Quantitative reasoning, mathematical biology, science education, predator-prey model
The classical predator-prey equations are in nearly every differential equations text and mathematical biology text. Usually they are presented fait accompli, leaving the student to analyze them or play with a computer program. Here we show that the process of fully understanding where these equations come from and how they are derived provides numerous opportunities to teach or reinforce quantitative reasoning skills necessary to future scientists. This example is used to invoke logic, systems thinking, causal reasoning, understanding functions of one or more variables, quantities versus rates of change, proportional reasoning, unit analysis, and comparison to data.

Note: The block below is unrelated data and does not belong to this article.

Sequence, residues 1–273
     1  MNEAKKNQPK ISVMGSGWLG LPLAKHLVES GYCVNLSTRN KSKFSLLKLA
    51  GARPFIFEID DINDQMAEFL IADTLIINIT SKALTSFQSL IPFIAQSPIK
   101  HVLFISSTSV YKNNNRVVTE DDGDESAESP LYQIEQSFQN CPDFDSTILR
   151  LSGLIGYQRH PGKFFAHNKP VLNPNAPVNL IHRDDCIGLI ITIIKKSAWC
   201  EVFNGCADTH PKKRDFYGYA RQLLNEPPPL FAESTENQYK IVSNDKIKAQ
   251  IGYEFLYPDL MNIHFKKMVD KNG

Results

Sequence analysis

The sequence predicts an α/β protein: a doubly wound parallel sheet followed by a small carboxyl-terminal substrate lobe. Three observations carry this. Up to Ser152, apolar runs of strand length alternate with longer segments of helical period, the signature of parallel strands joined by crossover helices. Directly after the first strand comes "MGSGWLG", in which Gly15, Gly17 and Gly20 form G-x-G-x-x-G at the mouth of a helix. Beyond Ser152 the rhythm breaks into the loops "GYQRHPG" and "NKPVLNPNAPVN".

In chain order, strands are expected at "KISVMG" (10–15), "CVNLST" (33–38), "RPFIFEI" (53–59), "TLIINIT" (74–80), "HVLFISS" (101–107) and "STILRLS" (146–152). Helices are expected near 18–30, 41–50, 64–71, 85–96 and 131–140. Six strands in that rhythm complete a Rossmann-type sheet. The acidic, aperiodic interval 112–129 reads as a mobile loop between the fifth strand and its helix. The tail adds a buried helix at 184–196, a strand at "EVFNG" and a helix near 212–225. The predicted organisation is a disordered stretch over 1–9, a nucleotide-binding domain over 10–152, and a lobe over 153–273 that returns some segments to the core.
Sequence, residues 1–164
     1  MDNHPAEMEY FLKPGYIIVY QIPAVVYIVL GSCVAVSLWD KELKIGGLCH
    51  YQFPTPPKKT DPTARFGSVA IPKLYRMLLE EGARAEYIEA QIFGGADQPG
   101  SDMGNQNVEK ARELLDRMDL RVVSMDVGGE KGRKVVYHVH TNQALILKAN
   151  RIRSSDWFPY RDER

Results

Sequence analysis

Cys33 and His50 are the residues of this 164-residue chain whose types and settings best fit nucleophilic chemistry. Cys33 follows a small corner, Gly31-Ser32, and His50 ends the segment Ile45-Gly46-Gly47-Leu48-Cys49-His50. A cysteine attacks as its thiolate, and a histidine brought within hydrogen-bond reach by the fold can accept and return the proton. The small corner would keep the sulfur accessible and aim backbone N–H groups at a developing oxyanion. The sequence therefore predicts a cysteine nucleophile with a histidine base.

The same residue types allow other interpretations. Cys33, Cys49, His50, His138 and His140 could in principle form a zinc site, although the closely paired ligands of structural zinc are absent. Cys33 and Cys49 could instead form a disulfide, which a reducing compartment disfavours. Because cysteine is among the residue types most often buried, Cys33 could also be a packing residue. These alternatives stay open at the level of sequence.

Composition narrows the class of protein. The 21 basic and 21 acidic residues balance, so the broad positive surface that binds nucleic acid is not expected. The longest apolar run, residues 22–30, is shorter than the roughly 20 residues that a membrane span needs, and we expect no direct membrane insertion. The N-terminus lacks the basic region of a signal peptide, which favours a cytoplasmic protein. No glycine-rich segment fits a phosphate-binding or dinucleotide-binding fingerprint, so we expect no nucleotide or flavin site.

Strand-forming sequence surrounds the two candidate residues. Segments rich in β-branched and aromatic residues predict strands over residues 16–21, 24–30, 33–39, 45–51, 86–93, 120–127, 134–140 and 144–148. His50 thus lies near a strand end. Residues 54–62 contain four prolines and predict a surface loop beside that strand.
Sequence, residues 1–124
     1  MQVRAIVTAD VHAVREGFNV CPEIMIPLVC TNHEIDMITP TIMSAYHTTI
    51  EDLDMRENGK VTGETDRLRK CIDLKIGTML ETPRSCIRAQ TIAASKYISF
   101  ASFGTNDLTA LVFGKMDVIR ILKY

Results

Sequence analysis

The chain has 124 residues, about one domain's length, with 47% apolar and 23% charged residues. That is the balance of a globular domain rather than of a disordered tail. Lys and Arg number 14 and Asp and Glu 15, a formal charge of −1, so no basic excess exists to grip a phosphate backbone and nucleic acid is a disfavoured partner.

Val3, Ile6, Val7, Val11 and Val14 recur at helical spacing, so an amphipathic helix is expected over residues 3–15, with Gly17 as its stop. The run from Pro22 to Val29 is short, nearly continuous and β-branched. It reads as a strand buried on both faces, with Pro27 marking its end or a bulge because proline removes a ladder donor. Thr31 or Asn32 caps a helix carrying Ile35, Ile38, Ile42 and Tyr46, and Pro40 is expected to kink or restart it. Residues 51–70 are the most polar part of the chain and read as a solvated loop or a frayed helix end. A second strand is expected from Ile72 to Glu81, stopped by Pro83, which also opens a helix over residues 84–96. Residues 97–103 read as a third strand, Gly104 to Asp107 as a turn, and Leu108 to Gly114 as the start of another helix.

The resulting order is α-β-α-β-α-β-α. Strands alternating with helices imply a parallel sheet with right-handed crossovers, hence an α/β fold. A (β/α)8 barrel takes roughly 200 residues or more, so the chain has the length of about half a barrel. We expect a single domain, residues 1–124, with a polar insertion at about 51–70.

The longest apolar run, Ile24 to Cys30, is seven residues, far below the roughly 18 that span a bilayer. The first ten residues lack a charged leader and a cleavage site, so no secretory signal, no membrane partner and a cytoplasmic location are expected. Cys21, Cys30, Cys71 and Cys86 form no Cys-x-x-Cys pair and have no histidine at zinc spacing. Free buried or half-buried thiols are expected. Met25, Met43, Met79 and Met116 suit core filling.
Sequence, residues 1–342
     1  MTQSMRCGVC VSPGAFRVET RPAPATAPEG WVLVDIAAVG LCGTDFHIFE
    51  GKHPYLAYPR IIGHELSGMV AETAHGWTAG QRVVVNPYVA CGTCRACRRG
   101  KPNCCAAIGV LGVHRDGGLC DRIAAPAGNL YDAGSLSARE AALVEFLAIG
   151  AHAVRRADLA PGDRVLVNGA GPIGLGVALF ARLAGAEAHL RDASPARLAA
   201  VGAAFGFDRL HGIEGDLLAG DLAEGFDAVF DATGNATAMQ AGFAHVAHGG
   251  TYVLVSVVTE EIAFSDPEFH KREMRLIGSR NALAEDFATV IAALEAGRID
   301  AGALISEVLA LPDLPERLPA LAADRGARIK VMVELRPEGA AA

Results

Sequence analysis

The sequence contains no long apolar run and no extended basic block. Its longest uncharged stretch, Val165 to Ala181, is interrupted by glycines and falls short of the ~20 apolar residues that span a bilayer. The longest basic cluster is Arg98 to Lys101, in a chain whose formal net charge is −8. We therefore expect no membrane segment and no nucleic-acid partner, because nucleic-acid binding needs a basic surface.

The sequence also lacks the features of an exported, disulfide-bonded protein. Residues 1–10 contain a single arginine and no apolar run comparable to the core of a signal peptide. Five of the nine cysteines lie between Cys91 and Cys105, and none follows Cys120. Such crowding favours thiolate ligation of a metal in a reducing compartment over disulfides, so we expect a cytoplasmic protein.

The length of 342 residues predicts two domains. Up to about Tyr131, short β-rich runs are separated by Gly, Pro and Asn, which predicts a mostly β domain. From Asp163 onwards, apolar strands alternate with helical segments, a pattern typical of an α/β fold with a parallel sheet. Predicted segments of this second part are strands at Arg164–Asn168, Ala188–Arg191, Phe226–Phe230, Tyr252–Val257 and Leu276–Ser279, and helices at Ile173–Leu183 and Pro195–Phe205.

"Parts of the Whole: Teaching Quantitative Reasoning in the Predator-Prey Model,"
1, Article 10.
Available at: http://scholarcommons.usf.edu/numeracy/vol9/iss1/art10
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